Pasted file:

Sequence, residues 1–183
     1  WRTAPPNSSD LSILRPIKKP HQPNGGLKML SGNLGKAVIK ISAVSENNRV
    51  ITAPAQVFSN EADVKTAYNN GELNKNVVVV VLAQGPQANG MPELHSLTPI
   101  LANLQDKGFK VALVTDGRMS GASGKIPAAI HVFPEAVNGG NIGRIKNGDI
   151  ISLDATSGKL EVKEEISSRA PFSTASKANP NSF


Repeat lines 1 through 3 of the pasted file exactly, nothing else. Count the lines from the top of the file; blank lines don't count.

Sequence, residues 1–183
     1  WRTAPPNSSD LSILRPIKKP HQPNGGLKML SGNLGKAVIK ISAVSENNRV
    51  ITAPAQVFSN EADVKTAYNN GELNKNVVVV VLAQGPQANG MPELHSLTPI